Church Bond Problems Can Be Prime Examples of Affinity Fraud


Investments aren’t always what they appear to be. On the surface, church bonds may appear like a safe and appealing investment. That is the way they are pitched by promoters and investment advisers. Investors are often motivated by appeals to support the church mission, and encouraged by quotations from scripture (“Give, and it will be given to you'”).

Church bonds have also long been associated with affinity fraud. Affinity fraud occurs when a fraudster exploits a common bond, such as church membership or religious beliefs, to get the victim to drop his or her guard. But the Bible warns: “Beware of false prophets, which come to you in sheep’s clothing, but inwardly they are ravening wolves.” It is still good advice.

Some church bond promoters have even gone to jail. Just last year, the fourth and final defendant was convicted for his participation in a multi-million dollar fraudulent scheme involving church bonds in Indiana. The perpetrators were a father and his three sons. The father, Vaughn Reeves, was a former pastor. They raised more than $120 million from church bond investors. The proceeds, investors were told, would be used for construction projects by churches. In fact, the money was used for other purposes than what the investors were told, including personal enrichment of the fraudsters. The father was sentenced to 54 years in prison. The oldest son received 24 years, the next oldest received 12 years, and the youngest received 6 years. In all, the state of Indiana obtained 39 felony convictions on the four Reeves defendants.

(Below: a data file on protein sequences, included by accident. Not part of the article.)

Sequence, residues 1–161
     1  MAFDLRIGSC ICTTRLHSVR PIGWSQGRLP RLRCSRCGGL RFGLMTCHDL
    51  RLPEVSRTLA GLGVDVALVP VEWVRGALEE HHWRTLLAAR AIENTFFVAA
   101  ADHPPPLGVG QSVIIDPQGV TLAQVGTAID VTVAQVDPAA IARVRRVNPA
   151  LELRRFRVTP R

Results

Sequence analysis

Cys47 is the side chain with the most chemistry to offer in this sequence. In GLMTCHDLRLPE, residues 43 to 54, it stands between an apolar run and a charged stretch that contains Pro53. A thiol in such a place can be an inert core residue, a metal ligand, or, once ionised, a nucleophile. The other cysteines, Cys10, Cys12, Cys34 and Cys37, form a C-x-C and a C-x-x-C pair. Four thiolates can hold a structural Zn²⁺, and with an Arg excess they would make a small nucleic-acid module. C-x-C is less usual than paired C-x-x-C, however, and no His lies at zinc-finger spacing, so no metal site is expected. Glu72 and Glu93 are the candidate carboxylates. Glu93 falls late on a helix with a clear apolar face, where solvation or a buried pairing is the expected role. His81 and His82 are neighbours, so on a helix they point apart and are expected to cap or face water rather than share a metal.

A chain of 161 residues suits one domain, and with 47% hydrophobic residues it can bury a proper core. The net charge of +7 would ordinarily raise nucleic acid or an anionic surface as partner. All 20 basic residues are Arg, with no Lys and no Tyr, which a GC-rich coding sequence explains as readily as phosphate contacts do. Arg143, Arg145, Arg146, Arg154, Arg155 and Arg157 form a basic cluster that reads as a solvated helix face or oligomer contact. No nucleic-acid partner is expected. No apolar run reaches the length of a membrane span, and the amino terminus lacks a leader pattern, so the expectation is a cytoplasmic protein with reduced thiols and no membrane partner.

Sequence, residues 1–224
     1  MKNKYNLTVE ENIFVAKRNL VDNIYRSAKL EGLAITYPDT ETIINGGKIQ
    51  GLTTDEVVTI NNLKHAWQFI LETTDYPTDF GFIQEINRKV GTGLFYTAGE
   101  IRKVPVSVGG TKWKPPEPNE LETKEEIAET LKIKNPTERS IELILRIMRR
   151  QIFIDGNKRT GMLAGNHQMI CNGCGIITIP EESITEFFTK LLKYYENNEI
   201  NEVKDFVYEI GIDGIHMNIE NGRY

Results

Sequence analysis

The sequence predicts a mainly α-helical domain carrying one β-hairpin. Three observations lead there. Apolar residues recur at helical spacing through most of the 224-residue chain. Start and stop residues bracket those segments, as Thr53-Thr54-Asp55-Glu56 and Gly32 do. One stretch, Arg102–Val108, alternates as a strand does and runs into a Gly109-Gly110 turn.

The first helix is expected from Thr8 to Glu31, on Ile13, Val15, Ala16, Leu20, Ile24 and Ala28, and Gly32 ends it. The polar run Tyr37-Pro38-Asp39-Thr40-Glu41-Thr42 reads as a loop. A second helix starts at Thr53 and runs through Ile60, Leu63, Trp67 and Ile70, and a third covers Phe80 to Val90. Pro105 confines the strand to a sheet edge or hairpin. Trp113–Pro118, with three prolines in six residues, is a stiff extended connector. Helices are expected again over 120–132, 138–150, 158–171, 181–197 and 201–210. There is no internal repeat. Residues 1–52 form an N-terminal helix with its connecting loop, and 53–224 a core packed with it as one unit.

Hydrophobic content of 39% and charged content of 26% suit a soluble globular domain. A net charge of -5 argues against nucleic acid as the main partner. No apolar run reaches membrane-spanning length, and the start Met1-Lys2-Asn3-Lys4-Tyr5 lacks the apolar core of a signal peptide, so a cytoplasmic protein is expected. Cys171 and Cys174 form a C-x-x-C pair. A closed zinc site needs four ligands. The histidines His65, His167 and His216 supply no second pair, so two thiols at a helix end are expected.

While justice may be done, and some satisfaction obtained thereby, victims are rarely made whole in criminal proceedings. However, church bonds are often sold through securities brokerage firms. Those firms are subject to the jurisdiction of the Financial Industry Regulatory Authority (FINRA) and its arbitration process. FINRA arbitrations and civil court proceedings are the ways that most deceived church bond investors get compensated.

Investors who have lost money in church bond investments should consult with attorneys experienced in representing investors in such matters. This should be done as soon as possible, as the laws of each state or forum establish time limits within which legal claims must be asserted. Claims not brought within the applicable time limits are generally disallowed.

Page Perry is an Atlanta-based law firm with over 170 years of collective experience maintaining integrity in the investment markets and protecting investor rights.